Either David O Russell is the hottest Hollywood director on the planet, or those myopic voters at the Academy of Motion Picture Arts and Sciences really need to get out a bit more.
If I was an actor I would be desperate to get cast in David O Russell’s next film. How desperate? Well, I wouldn’t think twice about turning myself into a walking skeleton or running around in a plastic bin liner in the name of art. That’s because Russell is becoming almost as prolific at piling up Academy Award nominations as the great Meryl Streep.
Russell’s latest movie, the crime drama American Hustle, is loosely based (“Some of this actually happened”) on the FBI’s Abscam sting operation of the late 70s and early 80s. But the real story is that it has 10 Oscar nominations, including best picture, best director and a clean sweep in the acting categories. That’s on top of last year’s eight Oscar nominations for Russell’s “bipolar romantic comedy” Silver Linings Playbook and seven for his 2010 boxing biopic The Fighter.
All of this might lead you think that either David O Russell is the hottest Hollywood director on the planet, or those myopic voters at the Academy of Motion Picture Arts and Sciences really need to get out a bit more.
In American Hustle it’s the ever-adaptable Christian Bale who looks twice the man he was in The Fighter. He’s piled on 43 pounds and sports an embarrassing comb-over to play New Jersey dry cleaner-turned-con man Irving Rosenfeld. Look out for the can of Elnett hairspray enjoying a brief cameo in the opening scenes, as Bale shows off his newly acquired paunch, while assiduously covering his balding pate.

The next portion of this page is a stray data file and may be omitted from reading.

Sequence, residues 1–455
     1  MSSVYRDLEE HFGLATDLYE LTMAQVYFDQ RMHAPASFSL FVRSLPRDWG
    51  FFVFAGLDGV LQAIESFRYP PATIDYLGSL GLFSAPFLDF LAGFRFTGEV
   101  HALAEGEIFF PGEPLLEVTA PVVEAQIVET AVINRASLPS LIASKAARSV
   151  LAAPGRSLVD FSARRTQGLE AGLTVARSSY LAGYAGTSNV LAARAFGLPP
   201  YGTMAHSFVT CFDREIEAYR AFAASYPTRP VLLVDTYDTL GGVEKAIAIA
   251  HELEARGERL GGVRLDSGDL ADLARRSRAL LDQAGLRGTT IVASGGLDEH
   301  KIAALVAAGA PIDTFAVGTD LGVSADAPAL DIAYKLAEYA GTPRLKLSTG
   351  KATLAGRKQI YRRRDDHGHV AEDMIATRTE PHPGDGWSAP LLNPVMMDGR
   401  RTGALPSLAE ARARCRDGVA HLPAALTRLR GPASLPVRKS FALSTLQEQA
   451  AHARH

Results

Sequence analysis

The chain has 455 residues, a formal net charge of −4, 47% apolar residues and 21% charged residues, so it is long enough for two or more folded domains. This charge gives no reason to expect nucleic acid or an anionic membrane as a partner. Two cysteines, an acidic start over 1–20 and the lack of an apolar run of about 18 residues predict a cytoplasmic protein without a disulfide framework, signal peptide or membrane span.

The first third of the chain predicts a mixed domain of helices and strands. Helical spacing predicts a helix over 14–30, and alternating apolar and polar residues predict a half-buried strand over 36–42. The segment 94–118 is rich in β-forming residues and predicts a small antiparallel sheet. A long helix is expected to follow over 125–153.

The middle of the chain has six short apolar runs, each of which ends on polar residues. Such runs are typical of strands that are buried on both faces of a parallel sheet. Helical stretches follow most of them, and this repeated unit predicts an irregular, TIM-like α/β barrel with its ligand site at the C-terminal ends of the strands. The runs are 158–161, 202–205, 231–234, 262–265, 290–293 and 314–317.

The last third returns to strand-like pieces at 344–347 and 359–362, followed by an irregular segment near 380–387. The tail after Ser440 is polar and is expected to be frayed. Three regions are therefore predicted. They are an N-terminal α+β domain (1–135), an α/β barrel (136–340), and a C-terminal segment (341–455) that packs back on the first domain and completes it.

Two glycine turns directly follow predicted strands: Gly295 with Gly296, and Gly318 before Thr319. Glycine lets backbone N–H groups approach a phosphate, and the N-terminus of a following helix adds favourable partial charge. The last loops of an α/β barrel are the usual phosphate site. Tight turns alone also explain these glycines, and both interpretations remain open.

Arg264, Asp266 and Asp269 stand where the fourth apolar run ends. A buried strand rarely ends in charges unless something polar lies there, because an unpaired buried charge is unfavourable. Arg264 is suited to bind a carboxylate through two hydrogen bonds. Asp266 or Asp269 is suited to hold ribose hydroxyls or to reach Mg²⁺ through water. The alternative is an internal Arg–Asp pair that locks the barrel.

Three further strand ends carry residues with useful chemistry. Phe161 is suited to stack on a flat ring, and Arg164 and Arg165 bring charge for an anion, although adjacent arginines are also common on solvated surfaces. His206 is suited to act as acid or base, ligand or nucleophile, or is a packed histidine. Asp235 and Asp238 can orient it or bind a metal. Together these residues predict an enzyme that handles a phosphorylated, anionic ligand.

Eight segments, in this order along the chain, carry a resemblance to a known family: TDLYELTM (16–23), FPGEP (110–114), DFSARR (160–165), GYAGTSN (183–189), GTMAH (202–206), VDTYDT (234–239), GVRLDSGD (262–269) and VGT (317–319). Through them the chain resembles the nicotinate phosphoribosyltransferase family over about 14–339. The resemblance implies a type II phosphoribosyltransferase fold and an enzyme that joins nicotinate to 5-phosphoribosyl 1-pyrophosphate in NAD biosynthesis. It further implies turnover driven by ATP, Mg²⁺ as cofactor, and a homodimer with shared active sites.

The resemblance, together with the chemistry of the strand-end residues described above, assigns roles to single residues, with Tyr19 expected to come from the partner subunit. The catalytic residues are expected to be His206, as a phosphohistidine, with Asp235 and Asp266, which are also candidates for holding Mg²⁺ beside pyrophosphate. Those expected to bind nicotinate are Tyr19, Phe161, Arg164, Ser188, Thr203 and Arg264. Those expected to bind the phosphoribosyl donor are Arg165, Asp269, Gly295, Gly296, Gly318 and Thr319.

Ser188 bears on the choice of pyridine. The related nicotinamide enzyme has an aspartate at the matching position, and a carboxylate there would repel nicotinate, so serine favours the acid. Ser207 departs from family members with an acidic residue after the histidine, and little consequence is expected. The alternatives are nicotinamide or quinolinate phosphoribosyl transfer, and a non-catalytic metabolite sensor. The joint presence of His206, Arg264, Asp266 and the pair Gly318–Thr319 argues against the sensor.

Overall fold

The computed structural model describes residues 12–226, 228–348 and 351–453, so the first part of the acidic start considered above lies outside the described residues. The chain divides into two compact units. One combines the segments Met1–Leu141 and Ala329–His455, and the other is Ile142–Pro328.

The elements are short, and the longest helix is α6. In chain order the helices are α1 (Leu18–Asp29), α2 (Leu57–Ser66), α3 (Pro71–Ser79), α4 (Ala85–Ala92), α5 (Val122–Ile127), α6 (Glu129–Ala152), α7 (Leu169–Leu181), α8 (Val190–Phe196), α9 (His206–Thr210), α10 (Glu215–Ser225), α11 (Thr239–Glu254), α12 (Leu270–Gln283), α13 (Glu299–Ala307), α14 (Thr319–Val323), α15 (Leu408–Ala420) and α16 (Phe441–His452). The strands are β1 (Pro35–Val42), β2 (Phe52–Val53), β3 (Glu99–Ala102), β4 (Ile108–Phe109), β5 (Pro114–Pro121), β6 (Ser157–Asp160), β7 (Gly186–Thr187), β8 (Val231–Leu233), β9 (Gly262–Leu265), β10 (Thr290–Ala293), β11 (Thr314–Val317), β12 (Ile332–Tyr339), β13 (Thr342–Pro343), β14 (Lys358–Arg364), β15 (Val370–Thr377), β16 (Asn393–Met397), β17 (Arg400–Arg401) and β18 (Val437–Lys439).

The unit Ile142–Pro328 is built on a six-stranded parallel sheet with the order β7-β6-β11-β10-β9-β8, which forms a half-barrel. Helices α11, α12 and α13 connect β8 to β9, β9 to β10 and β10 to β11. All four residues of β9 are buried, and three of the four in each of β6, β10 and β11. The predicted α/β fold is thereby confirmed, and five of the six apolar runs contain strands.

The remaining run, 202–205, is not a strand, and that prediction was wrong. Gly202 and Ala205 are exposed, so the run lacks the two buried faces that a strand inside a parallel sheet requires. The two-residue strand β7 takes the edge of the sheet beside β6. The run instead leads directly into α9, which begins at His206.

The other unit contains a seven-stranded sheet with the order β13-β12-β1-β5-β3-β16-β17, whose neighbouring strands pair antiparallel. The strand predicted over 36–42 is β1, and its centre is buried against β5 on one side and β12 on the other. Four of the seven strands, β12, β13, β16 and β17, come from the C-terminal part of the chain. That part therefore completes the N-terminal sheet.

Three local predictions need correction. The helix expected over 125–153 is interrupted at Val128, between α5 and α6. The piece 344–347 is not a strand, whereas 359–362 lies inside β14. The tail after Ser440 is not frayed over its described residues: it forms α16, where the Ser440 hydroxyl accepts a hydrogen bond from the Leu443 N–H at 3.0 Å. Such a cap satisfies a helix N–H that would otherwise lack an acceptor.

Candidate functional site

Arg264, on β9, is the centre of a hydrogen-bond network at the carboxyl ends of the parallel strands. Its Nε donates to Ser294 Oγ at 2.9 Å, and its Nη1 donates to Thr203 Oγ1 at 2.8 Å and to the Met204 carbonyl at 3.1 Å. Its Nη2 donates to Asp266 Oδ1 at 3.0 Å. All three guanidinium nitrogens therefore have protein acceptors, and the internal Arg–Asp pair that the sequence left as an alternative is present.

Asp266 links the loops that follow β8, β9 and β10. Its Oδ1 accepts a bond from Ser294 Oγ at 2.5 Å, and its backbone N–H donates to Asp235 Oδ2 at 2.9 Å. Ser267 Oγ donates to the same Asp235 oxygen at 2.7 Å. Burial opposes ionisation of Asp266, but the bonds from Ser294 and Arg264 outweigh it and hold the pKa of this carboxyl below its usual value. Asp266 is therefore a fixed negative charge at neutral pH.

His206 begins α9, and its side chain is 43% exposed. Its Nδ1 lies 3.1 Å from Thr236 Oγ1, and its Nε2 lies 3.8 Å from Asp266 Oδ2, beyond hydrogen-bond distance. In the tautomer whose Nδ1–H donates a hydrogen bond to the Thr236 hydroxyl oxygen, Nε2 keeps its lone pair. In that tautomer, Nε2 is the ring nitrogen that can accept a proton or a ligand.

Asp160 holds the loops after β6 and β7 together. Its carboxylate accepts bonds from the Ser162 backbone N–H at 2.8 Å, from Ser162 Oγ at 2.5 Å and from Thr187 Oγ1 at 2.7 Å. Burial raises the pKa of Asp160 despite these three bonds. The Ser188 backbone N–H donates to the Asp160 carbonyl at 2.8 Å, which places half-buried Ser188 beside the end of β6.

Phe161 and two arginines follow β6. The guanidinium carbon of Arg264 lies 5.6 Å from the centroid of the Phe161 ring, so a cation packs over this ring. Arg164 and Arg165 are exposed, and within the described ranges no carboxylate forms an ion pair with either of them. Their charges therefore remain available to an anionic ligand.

Irving and his mistress Sydney Prosser (Amy Adams) have been doing quite nicely with a loan scam in which she poses as an English aristocrat to reel in gullible investors. But then Bradley Cooper’s cocky FBI agent Richie DiMaso catches up with the pair and forces them into an elaborate con, involving a fake Arab sheikh and a scheme to build casinos in Atlantic City. Irving and Sydney are just the bait to catch some much bigger fish, including a New Jersey Mayor played by Jeremy Renner.
I’d never heard anything about Abscam before I saw this movie, but at times it seems like a mere backdrop for other distracting subplots involving sexual jealousy and overweening ambition. Cooper’s coke-snorting DiMaso is a vain, corkscrew-permed ball of energy who alternates between sparring with his mild-mannered boss (played by Louis CK) and putting the moves on Sydney. Equally unstable is Irving’s young wife Rosalyn (Jennifer Lawrence), who almost betrays him to her Mafia lover and has a nice sideline in blowing up kitchen appliances.
As a cinemagoer, I’ve rarely been impressed by movies that come garlanded with multiple Oscar nominations. James Cameron’s Titanic boasted 14 nominations (it won in 11 categories), but I still regard it as a titanic, iceberg-shaped cinematic turd. If American Hustle was a less high-profile production I’d be more inclined to downplay its flaws and simply enjoy the fact that it is a lip-glossed, star-studded slice of largely undemanding entertainment, showcasing some great 70s tunes. Plot-wise it’s not in the same league as The Sting, but it is less narcissistic than the tiresome Ocean’s Trilogy.
But with Lawrence and Cooper getting Oscar nominations for their wildly over-the-top roles here, you have to wonder what Russell was thinking when he cast them. I did enjoy their sparky, old-fashioned romantic partnership Silver Linings Playbook, though it was no masterpiece. In American Hustle it’s as though they’ve been ordered to “turn it up to eleven” in every scene. The result is a mood of sustained hysteria that unbalances the film and detracts from an affecting performance by Amy Adams. I think the voters at AMPAS have been conned.